Upwards of half a million shipments of dangerous goods, also called hazardous materials, are being transported across the United States on any given day. With 90 percent of these materials being carried by truck, there is a considerable risk of danger should something go wrong.

Defined as any material that could be harmful to living things, property or the environment, hazardous materials include solids, liquids and gasses that are:

  • Flammable
  • Combustible
  • Pathogenic
  • Carcinogenic
  • Toxic
  • Oxidizing
  • Corrosive
  • Unstable
  • Irritating to the eyes, skin or lungs

Transportation and disposal of these materials is carefully regulated by federal law to minimize the potential for accidents.

Hazardous Materials Transportation Act (HMTA)
Passed in 1975, the Hazardous Materials Transportation Act consists of four provisions designed to unify other regulations that were in place at the time. The act is now part of the Environmental Protection Agency’s (EPA) Emergency Management Program for environmental safety and addresses procedures, policies, material designation and labeling, packing requirements and operational rules. Together, these provisions are meant to keep accidents and illegal dumping to a minimum.

Shipping hazardous materials via UPS, FedEx or the USPS may require adherence to additional regulations. Each shipping provider offers an explanation of these regulations on its website that should be consulted before sending potentially dangerous items to another party. Handling fees may also apply.

Proper Disposal Techniques
Industry operations, corporations, small businesses and homeowners handle dangerous goods of varying types, and all materials must be disposed of correctly to prevent environmental contamination. Flushing or dumping any kind of hazardous products can contaminate municipal water supplies since the compounds in these products aren’t filtered out or neutralized by standard water treatments. Chemicals may also leech into ground water and create a potentially toxic environment.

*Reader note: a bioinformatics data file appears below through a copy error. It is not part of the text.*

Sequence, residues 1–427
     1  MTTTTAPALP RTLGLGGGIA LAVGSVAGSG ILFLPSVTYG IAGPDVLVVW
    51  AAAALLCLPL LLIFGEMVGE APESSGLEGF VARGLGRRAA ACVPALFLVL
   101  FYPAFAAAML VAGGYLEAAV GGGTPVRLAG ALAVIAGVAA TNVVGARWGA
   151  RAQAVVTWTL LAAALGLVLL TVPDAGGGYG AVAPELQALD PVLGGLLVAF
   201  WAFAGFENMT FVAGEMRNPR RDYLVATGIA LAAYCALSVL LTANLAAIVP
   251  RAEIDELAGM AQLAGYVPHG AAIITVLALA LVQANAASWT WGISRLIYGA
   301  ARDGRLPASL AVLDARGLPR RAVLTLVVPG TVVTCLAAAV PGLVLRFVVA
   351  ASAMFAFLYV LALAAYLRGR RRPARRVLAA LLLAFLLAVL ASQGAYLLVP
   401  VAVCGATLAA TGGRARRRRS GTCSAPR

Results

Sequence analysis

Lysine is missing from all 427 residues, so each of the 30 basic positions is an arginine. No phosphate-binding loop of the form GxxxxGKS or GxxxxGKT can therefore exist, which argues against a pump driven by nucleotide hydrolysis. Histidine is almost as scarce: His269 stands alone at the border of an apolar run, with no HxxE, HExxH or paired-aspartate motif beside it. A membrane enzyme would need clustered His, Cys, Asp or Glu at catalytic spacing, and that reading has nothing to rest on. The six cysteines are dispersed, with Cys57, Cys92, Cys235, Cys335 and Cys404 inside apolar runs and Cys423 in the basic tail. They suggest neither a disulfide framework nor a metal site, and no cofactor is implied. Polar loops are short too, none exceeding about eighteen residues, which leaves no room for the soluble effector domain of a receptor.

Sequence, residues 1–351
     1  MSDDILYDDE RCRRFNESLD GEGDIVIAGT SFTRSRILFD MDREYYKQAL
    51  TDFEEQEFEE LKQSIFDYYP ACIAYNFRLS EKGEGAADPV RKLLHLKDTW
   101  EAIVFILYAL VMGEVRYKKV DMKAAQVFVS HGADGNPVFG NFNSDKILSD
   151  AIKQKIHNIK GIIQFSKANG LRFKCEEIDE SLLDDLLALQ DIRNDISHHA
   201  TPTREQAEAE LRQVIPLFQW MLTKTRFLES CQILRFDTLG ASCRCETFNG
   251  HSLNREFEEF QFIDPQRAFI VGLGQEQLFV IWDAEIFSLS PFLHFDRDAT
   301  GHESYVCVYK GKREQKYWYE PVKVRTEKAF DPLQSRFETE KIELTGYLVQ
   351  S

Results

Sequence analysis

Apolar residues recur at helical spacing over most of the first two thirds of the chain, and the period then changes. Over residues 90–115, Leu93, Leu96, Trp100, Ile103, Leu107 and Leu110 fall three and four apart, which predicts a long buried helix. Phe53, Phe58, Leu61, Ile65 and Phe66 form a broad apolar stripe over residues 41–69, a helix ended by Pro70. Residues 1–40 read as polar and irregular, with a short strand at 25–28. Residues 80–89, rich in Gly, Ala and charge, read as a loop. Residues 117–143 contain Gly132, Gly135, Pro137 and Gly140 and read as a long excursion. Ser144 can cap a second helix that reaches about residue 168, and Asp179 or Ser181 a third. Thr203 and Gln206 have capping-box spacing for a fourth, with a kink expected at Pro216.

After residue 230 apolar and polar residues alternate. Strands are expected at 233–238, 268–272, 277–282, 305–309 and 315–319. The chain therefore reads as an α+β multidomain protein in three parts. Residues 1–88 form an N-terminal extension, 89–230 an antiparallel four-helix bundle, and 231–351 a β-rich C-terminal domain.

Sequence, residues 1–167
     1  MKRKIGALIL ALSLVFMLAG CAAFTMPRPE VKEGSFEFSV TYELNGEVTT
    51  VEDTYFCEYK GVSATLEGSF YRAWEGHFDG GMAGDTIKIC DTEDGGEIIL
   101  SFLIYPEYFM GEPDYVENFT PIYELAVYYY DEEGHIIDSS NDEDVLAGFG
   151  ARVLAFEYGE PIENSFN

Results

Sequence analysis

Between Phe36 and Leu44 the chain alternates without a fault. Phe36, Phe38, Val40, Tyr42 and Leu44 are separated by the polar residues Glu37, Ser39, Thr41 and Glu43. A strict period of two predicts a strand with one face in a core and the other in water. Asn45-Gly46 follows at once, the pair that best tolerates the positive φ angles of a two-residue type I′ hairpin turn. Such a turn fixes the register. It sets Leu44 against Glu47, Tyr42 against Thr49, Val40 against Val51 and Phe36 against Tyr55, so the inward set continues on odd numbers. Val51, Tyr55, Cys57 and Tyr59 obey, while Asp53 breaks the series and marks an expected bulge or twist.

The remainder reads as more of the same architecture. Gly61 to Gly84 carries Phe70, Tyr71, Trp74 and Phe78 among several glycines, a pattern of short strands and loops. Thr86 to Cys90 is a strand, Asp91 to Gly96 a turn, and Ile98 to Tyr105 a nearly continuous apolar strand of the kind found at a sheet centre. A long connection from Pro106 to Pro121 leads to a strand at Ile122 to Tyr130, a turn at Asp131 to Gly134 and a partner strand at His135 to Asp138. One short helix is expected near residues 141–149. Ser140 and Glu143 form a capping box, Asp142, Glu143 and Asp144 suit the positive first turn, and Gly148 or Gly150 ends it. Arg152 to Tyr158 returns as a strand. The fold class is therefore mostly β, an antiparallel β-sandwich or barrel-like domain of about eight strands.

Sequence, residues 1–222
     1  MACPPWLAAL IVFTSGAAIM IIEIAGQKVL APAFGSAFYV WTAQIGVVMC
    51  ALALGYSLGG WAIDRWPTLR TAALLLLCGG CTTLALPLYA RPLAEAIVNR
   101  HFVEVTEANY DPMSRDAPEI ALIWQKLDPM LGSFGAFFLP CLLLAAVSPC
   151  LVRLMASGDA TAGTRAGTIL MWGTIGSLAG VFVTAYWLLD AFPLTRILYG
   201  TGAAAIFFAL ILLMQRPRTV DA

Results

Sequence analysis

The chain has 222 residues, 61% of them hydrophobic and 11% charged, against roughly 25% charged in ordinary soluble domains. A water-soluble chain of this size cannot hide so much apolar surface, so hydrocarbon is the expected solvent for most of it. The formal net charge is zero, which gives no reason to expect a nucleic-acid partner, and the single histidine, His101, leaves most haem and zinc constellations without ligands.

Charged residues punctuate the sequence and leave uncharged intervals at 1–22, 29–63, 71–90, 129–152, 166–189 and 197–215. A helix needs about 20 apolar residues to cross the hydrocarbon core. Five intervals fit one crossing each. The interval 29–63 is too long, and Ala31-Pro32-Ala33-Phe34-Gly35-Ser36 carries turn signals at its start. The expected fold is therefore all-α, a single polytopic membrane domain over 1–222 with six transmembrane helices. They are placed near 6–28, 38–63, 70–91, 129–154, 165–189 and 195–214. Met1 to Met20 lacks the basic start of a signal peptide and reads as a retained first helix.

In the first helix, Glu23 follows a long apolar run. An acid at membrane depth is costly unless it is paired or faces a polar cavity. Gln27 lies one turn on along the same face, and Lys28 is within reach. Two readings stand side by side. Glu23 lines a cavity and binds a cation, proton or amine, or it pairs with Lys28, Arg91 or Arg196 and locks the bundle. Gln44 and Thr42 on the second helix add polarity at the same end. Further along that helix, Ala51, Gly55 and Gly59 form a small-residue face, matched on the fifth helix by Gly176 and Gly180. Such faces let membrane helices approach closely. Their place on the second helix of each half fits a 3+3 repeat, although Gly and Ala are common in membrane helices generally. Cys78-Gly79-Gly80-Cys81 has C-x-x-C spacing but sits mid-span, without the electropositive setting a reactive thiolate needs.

If you have dangerous goods to get rid of, look for a recycling or pickup program in your local area. These programs may handle anything from old televisions to household chemicals. If no program is available, dispose of your hazardous materials in the trash. Never pour them down the drain or flush them down the toilet.

Businesses and industries may be able to send their dangerous goods to a hazardous waste recycling program that’s in compliance with the Resource Conservation and Recovery Act (RCRA). This act was passed to offer further protection for personal and environmental health above and beyond what HMTA offers. It also aims to conserve the resources used in hazardous materials by processing them in ways that make them safe to use again.

Failure to follow proper regulations when transporting or disposing of hazardous materials can result in a fine of up to $75,000. Reckless handling or intentional mislabeling carries criminal penalties. When preparing to ship or throw away any material classified as dangerous, check that you’re in compliance with regulations. This not only ensures that you won’t face legal problems but also keeps the environment and the people around you safe from the negative effects associated with improper handling of these materials.

Date: August 15, 2015
Author: Penny Taylor

Transportation and Disposal Service
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